We were surprised when, in November 2002, the first of three papers on geometric applications of Ricci flow techniques posted on the Internet by Grisha Perelman, a geometer based in St. Petersburg, Russia. The second and third papers appeared online less than a year later. In these papers, Perelman aimed to “carry out some details of the Hamilton program” and “give a brief sketch of the proof of the geometrization conjecture.”17 He too had used the Li-Yau inequality to control the behavior of singularities, though he incorporated these equations in a different way than Hamilton had, while introducing many innovations of his own.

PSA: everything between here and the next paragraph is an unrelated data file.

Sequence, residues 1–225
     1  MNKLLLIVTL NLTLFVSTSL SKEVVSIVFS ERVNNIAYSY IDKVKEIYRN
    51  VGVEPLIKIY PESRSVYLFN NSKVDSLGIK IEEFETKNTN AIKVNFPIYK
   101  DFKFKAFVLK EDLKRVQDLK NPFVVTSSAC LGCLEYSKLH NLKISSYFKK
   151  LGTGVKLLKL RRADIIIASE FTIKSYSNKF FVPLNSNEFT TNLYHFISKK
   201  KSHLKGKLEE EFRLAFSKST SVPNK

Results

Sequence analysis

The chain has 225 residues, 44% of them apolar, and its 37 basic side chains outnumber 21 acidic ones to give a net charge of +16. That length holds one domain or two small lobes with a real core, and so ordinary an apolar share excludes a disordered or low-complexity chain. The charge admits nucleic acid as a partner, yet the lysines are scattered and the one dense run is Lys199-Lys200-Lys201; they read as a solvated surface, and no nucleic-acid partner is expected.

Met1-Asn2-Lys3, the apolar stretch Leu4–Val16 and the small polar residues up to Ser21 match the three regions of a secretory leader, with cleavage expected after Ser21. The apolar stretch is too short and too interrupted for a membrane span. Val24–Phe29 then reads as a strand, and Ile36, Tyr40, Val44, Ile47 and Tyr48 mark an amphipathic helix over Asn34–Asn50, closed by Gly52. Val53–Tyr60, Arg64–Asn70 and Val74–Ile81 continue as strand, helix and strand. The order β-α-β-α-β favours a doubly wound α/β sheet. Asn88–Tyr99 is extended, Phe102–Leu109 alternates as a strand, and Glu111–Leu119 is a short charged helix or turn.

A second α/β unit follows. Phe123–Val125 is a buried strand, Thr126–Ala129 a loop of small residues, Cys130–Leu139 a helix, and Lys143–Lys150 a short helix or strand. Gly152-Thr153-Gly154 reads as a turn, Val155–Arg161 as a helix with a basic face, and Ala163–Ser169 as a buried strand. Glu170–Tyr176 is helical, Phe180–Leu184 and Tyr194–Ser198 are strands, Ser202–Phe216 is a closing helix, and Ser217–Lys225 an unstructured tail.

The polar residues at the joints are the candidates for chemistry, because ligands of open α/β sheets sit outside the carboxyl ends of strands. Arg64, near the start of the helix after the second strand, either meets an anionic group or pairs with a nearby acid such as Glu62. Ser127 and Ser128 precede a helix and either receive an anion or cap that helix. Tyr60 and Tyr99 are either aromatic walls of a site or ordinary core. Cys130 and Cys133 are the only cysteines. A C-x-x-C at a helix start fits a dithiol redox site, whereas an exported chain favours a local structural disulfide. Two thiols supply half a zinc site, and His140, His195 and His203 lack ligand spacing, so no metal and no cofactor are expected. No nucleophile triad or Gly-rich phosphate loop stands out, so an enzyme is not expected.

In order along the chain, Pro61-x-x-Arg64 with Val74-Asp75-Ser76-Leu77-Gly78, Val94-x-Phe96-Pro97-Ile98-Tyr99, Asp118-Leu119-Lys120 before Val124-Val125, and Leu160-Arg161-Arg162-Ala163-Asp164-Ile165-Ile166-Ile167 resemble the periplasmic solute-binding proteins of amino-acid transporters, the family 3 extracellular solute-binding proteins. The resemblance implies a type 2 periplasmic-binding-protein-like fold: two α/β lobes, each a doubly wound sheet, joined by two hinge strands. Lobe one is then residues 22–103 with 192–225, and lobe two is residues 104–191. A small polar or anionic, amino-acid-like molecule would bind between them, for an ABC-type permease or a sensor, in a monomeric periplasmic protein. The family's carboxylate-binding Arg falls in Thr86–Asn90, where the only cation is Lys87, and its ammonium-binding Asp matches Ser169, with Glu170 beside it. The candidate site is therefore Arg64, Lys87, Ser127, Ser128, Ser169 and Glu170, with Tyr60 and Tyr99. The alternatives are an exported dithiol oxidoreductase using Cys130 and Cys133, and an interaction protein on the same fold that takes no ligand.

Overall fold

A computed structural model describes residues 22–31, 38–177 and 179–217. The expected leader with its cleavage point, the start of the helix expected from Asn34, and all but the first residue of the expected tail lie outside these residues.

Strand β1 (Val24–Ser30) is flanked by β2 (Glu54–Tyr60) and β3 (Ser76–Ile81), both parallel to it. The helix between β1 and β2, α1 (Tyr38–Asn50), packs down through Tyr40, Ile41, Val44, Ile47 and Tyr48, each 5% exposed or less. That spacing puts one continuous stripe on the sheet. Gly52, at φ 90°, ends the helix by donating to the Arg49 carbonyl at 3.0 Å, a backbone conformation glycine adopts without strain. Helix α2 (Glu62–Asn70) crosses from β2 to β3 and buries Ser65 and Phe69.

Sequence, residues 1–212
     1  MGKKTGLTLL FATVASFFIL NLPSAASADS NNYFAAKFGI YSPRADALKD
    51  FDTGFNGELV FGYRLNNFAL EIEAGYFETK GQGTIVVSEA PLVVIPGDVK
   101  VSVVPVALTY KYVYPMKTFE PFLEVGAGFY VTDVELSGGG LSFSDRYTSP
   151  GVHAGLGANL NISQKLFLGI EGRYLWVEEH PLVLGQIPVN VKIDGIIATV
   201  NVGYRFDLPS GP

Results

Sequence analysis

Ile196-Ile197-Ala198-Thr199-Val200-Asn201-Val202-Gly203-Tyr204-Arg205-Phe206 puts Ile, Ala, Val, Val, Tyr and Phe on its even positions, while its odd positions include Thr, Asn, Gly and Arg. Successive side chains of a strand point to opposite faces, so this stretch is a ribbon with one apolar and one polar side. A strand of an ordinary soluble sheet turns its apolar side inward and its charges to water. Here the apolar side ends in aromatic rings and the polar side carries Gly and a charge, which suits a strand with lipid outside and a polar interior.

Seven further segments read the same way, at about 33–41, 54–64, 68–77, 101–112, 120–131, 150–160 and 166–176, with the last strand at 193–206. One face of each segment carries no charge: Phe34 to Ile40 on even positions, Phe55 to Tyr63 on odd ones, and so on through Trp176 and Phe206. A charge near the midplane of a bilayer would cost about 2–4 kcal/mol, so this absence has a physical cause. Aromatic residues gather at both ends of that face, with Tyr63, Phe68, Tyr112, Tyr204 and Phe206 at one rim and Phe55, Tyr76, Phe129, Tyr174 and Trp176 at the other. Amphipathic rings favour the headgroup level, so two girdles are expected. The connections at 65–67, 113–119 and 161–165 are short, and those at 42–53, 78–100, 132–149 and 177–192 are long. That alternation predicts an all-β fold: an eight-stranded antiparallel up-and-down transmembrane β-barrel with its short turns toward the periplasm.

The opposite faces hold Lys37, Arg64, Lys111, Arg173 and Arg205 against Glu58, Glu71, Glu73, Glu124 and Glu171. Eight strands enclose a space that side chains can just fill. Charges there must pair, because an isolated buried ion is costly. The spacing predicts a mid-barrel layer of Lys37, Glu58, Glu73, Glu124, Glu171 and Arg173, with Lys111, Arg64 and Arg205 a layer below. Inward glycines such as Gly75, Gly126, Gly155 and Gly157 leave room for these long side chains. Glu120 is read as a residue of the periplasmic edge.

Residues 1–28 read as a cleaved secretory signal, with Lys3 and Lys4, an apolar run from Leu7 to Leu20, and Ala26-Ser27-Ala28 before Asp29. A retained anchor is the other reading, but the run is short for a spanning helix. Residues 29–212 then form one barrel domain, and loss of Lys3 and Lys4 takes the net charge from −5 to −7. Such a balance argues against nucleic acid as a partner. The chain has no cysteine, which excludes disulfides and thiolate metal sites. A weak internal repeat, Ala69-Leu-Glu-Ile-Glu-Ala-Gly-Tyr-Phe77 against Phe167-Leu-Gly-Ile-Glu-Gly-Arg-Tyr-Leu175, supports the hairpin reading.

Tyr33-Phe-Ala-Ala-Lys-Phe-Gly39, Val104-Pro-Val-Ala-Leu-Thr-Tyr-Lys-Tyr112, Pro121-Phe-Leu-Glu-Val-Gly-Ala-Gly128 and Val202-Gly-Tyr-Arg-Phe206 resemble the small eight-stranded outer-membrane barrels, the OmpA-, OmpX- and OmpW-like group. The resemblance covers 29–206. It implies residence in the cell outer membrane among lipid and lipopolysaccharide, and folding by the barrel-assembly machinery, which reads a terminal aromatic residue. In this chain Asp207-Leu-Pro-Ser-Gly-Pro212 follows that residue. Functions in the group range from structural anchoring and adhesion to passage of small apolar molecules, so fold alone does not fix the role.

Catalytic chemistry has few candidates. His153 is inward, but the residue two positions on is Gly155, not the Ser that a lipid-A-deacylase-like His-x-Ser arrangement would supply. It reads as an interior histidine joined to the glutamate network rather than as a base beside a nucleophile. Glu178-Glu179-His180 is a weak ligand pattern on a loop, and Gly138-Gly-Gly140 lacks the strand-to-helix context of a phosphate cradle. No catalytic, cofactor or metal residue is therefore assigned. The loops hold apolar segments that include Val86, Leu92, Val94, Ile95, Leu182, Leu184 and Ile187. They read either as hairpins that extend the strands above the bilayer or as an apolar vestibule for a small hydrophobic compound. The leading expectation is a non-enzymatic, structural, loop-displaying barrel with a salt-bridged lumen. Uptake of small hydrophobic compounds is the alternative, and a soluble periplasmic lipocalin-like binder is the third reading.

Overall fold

In a sense, Perelman’s papers came out of the blue. No one knew that he’d even been working on Ricci flow-related problems, as he’d made a name for himself in an entirely different branch of mathematics called metric geometry, for solving a famous conjecture put forth by the geometers Jeff Cheeger and Detlef Gromoll. But in the years prior to his 2002 online publication, Perelman had largely dropped out of circulation. Occasionally, mathematicians would receive e-mails in which he inquired about the literature on Ricci flow. But nobody guessed that Perelman was seriously working on the Ricci flow as a way to solve the Poincaré conjecture, as he hadn’t told many people (or perhaps any people) exactly what he was up to. In fact, he’d been keeping such a low profile that many of his peers weren’t sure he was still doing mathematics at all.